The Gilman class is made up of:

California state prisoners who: "(I) have been sentenced to a term that includes life; (ii) are serving sentences that include the possibility of parole; (iii) are eligible for parole; and (iv) have been denied parole on one or more occasions."

CIV-S-05-0830, Docket # 182, p. 9.*fn3

Petitioner, convicted of first degree murder and sentenced in 1982 to a term of 25 years to life (i.e., with the possibility of parole)*fn4 fits squarely within the parameters of the Gilman class. In Gilman v. Brown, CIV-S-05-0830 LKK GGH, "the procedures used in determining suitability for parole: the factors considered, the explanations given, and the frequency of the hearings" are what is at issue. Docket # 182 of CIV-S-05-0830, p. 7 [emphasis in original]. With respect to Claim 9*fn5 within the class action, which is an ex post facto challenge to Proposition 89, which, as noted, granted the governor the authority to reverse BPH decisions, the class is defined as "all California state prisoners who have been sentenced to a life term with possibility of parole for an offense that occurred before November 8, 1988." See Order, filed on April 25, 2011, at docket # 340 in Case No. 2:Civ- S-05-0830 LKK GGH. Plaintiff unquestionably fits squarely within this class/subclass.

As a member plaintiff of a class action for equitable relief from prison conditions, plaintiff may not maintain a separate, individual suit for equitable relief involving the same subject matter of the class action. See Crawford v. Bell, 599 F.2d 890, 892-93 (9th Cir.1979); see also Frost v. Symington, 197 F.3d 348, 359 (9th Cir. 1999); McNeil v. Guthrie, 945 F.2d 1163,1165 (10th Cir. 1991) ("Individual suits for injunctive and equitable relief from alleged unconstitutional prison conditions cannot be brought where there is an existing class action ."); Gillespie v. Crawford, 858 F.2d 1101, 1103 (5th Cir.1988) (en banc) ("To allow individual suits would interfere with the orderly administration of the class action and risk inconsistent adjudications."). Respondent is correct that whether the claim becomes moot after the governor's decision is not what should be determinative for dismissal of this action. Reply, p. 2. Rather, the particular facts of plaintiff's denial of parole, should that occur, would have to be determined in the related habeas matter, and the equitable relief sought by plaintiff by way of the civil rights action is foreclosed by plaintiff's indisputable membership in the Gilman class. Crawford v. Bell, 599 F.2d at 892-93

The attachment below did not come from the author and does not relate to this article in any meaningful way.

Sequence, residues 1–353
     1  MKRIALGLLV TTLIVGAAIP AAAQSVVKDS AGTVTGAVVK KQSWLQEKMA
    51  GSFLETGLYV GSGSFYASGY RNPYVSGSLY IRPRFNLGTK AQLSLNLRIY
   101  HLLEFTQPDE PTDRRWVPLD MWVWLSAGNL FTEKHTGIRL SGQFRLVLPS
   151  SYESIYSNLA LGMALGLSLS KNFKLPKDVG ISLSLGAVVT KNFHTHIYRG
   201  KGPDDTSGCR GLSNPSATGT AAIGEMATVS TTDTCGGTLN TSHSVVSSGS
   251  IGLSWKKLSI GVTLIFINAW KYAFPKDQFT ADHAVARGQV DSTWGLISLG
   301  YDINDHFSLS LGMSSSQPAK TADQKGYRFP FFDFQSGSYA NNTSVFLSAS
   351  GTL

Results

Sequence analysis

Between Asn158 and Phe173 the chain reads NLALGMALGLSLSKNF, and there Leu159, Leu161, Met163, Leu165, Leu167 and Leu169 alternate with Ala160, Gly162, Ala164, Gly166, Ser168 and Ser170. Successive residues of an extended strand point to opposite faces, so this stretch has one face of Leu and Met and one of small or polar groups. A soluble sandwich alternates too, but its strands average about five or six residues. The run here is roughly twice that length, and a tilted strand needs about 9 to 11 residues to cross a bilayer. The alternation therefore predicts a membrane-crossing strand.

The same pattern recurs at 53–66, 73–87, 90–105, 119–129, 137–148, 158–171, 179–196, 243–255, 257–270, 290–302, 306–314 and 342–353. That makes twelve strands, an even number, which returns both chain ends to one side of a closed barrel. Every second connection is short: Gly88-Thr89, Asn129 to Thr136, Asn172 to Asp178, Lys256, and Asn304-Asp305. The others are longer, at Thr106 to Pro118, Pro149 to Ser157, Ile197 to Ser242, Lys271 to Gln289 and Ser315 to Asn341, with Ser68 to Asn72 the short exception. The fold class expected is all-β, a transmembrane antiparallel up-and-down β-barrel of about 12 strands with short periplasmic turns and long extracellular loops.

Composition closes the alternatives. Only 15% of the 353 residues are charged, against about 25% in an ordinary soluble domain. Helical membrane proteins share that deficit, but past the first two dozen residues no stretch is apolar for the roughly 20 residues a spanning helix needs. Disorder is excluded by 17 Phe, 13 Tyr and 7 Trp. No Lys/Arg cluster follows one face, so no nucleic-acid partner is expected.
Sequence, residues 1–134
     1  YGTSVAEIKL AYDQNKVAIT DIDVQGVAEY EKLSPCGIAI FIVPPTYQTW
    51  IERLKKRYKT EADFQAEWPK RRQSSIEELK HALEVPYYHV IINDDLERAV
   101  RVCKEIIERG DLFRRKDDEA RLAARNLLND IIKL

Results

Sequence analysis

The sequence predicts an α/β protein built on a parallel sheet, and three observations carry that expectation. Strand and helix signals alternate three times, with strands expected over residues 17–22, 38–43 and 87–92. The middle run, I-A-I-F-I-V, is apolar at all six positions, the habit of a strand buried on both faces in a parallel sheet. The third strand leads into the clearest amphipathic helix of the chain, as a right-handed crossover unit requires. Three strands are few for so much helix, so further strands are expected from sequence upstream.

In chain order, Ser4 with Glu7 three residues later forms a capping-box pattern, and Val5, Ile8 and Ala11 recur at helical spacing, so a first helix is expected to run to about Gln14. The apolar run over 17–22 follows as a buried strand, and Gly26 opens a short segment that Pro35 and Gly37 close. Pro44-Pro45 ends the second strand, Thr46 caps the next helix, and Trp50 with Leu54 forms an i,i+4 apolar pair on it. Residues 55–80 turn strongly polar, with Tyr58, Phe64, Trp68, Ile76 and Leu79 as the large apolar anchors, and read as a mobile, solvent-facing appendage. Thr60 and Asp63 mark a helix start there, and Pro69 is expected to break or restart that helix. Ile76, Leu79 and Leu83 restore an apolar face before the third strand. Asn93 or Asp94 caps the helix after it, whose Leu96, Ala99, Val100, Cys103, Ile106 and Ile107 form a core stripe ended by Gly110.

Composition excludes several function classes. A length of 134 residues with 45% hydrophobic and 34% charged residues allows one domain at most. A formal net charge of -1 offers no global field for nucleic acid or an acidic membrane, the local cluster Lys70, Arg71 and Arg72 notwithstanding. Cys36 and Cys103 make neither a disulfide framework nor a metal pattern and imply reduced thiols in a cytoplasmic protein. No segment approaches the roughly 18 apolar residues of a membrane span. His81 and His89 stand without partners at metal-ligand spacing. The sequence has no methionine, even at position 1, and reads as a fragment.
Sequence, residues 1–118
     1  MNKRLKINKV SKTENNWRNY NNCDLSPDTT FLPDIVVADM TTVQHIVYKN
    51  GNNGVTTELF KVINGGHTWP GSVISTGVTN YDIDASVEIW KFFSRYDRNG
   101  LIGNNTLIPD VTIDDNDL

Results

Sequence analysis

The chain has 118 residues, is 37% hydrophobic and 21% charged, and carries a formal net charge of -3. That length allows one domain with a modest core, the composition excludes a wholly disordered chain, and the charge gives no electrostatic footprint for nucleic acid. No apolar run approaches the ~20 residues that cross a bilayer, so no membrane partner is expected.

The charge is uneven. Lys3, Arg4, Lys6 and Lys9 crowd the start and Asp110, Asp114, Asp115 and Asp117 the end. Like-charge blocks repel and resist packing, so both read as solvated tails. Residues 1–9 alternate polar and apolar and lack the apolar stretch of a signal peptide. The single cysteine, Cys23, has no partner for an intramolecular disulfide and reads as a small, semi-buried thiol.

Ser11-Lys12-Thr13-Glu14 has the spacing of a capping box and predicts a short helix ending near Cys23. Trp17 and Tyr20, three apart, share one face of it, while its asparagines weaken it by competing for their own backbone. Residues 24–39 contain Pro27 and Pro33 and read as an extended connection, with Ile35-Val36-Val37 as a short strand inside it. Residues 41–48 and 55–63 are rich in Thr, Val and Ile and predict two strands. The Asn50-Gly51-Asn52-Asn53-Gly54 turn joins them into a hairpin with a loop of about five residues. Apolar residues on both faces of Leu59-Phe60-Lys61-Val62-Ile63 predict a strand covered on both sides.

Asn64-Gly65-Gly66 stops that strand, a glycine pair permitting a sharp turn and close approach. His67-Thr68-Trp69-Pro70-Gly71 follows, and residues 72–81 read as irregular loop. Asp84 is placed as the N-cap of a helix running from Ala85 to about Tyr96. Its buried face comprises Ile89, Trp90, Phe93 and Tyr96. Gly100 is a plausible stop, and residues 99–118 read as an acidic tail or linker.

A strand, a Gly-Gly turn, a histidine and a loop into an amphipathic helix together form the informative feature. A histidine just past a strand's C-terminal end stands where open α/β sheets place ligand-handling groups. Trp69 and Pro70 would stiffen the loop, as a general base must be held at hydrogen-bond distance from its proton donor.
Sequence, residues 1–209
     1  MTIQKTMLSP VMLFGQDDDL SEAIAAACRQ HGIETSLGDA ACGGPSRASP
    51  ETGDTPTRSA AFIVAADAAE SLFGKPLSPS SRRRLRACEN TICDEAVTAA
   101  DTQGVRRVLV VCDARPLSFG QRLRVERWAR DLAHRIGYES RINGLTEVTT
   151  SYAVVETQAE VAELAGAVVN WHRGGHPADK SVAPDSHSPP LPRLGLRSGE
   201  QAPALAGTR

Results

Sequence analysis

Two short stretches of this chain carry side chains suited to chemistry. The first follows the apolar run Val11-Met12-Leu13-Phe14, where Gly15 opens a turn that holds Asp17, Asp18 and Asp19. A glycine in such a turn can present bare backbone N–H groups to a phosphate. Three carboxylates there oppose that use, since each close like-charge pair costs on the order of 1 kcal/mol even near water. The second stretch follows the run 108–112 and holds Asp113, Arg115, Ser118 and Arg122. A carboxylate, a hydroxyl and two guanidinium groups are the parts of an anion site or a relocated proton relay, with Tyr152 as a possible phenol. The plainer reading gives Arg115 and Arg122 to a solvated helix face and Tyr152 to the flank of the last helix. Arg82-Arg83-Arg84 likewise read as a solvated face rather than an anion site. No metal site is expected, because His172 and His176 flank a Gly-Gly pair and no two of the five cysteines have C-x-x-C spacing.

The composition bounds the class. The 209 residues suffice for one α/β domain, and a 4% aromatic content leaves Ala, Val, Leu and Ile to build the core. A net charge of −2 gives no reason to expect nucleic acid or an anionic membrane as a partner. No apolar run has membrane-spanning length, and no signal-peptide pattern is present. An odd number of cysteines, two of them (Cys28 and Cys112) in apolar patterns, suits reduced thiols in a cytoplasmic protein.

In a filing both belated and unsought by the undersigned in its show cause order, plaintiff has submitted a "sur-reply." Docket # 55. Apparently eschewing his initial position that the gravamen of the amended complaint is an ex post facto challenge on his behalf to the provision which authorizes California's governor to reverse a BPH parole grant (a claim specifically encompassed within the Gilman class action), plaintiff attempts to backdoor an argument not raised in the original response (perhaps in light of the cogent contentions made by defendants in their response to plaintiff). Citing Crawford v. Bell, 599 F.2d at 893, for the premise that therein the Ninth Circuit found erroneous a trial court's sua sponte dismissal of a prisoner plaintiff's civil rights claims which went beyond the allegations subsumed within a class action, plaintiff now argues that the Gilman class action sets forth nine claims while plaintiff in the instant amended complaint sets forth twelve, emphasizing the sixth cause of action in the amended complaint, a claim which seeks to implicate state regulations governing parole suitability determinations, CAL. CODE REGS. tit.xv, § 2400 et seq., as unconstitutionally vague. Dkt # 55, pp. 2-3. What plaintiff fails to clarify, however, is why, should he believe that this claim is not already essentially included within the claims of the class action and that there is any potential for success for such a separate claim, it would not be most appropriate to seek leave to further amend or supplement the class action to embrace it specifically.